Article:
The Virginia Union University football fans, students, family members, and more are grieving the life of Quandarius “Quin” Wilburn, yet they are also reflecting on a life well-lived. Learn more about the fallen football player from the Augusta Chronicle story by Parish Howard below.
For Quandarius “Quin” Wilburn, it all ended just when it felt like it was beginning.
In February, as a Jefferson County High School senior, he signed a scholarship to play football at Virginia Union University where he planned to earn a degree in cyber security that would help him take care of his mother and little sisters.
In June, he graduated as a JCHS honor student and weeks later moved to Richmond, Virginia to chase his dream.
In early August, Quin collapsed on that college’s football field during conditioning drills. He was pronounced dead a short time later.
In the days since, his family and friends have repeatedly asked why as they wrestle with their grief and seek to honor the life of a star that fell too soon.
Best friend was gone
Ja’kobe “Kobe” Heggs has been one of Quin’s best friends since childhood. They played recreation ball together and later were both on JCHS Warriors’ defensive squad when their senior season ended one game away from a championship bout.
The first time Quin spoke to VUU’s head coach and was offered a scholarship, Kobe was there. They were at Cracker Barrel when Quin’s phone rang.
“He was smiling from ear to ear,” Kobe said.
He and Quin each had offers from other colleges, but Quin believed Virginia Union was the place they needed to be.
“He talked to me about going with him,” Kobe said. “At the time, I didn’t want to. It’s a long way from home. But I weighed the options and one day just thought, why not.”
He had Quin call the VUU coach and in June, Kobe joined the team as a preferred walk on. The two were roommates.
For the first few weeks they attended private workouts, explored campus and dreamed about what their lives would become.
“We were planning to stay here for a couple of years and then transfer to a Division 1 school where we could try to get a shot at the NFL,” Kobe said. “It was fun. We were just starting to enjoy college.”
Fall camp and their first days of conditioning as a team began Aug. 7. The next morning, Sunday, Aug. 8, Quin and Kobe joined the other players and coaching staff for breakfast and a church service on the lawn.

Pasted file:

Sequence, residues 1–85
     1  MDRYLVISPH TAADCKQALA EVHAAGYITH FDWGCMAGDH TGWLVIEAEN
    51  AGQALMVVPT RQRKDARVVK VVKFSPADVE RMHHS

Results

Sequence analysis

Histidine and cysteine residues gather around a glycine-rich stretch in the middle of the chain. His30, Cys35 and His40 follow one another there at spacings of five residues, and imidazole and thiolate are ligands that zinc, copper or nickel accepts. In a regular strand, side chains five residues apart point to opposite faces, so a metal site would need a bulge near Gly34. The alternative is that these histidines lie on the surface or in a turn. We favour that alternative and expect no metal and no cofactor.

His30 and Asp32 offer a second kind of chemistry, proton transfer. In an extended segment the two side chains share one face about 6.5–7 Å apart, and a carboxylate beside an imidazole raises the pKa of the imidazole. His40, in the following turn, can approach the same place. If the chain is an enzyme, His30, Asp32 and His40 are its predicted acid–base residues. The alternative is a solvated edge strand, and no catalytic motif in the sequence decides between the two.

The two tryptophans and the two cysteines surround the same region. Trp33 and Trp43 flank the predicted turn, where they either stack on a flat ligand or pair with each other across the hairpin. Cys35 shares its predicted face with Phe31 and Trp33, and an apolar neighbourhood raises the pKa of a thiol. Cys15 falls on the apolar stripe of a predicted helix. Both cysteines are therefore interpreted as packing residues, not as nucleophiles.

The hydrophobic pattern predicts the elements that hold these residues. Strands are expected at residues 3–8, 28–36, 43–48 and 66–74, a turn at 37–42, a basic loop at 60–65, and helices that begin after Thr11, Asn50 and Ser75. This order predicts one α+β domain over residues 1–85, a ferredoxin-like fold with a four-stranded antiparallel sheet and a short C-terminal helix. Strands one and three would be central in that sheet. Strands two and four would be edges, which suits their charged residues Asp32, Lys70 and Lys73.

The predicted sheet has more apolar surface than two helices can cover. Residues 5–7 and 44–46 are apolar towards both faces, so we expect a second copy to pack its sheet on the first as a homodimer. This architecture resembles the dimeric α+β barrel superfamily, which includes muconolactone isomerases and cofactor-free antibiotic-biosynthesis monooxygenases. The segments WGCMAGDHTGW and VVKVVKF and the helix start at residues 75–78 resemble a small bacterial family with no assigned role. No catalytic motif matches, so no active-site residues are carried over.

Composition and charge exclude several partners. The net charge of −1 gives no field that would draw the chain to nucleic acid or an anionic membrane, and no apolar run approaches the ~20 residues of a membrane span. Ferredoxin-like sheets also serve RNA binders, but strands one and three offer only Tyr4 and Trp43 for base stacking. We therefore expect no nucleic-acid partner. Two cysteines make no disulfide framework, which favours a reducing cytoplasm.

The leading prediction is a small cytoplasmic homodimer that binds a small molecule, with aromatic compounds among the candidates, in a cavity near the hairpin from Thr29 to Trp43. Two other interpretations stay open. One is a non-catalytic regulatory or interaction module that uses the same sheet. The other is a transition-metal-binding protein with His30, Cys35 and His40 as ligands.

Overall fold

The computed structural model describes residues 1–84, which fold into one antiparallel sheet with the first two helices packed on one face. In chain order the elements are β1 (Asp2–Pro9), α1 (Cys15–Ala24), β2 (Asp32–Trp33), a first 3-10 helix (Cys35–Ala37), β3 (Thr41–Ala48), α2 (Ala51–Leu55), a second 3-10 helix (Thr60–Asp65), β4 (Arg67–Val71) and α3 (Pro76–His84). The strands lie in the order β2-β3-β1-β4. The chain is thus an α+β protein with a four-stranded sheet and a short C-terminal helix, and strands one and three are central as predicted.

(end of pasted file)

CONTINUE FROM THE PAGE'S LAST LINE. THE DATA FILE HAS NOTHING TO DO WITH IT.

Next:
“I guess they were having it outside because of COVID,” Kobe said. “It was hot. The church people were passing out water bottles.”
After the service. the team, still in shorts as they were not to don their equipment until Monday, filed into Hovey Stadium to run drills.
“They had us split up into different groups,” Kobe said. “I had just finished running a lap and I looked back and him and couple other guys were together. We all ran on the same whistle and we were waiting on them to get finished. That’s when I saw him fall.”
At first Kobe did not think it was serious. He watched as they moved Quin to the sideline and then, minutes later, started performing CPR.
“That’s when I knew it was bad,” he said.
Quin was taken by ambulance to VCU Medical Center.
In a team meeting around 6 p.m., they were told that Quin was stabilized, Kobe said. Then, in another meeting around 9:45 p.m., they broke the news that his best friend was gone.
“Like an hour later I came back to the room and the people who are the head of the dorm had already packed his stuff up,” Kobe said a couple of days after Quin’s funeral. “I was in shock I couldn’t believe it. It’s been hard (without him). We basically lived our whole lives together. He meant a lot to me. He was like my real brother and now I have to adapt to living life without him.”
‘He was perfect’
“I know that there’s no such thing as perfect, but he was perfect,” Quin’s mother, Kenyada, said between convulsive sobs. “He was like an angel walking on earth. He was sweet. He was loving. He was caring. He was intelligent. I never heard him raise his voice. I never even saw him angry.”
Kenyada, Keke to her friends, said that she never wanted him to go so far away to school. She begged him not to go. But he told her that it was his dream school, that everything was there, the academics and the athletics, everything he needed to pave his own road to a future that would change all of their lives.
“He said, ‘Mama, that’s just the best option. I’ve got to do what I’ve got to do to take care of you and the kids and that is God’s plan, for me to go.’” Kenyada recalls. “He wanted what was best for us.”
His mother said that in the few weeks he was at school, they made time to text and video chat every day. The last time they spoke was the Saturday before he died. She had called him several times before he finally called her back and told her that he had been in team meetings. She wanted him to come home for the weekend, but he told her he could not because practices were just getting started and they were too busy.
Letting him go
In the week after his death, the people who knew Quin have honored him at memorial services where they talked about this strong, quiet, hard-working young man and the impact he had on their lives. During a prayer vigil at the recreation department football field near his mom’s apartment in Wadley, around 100 people gathered. They released blue and star-shaped balloons to try to find a way to let Quin go with them.
“Quin was one of the best young men that this community could produce,” said Mayor Harold Moore who also spoke about their own special relationship as Quin’s godfather.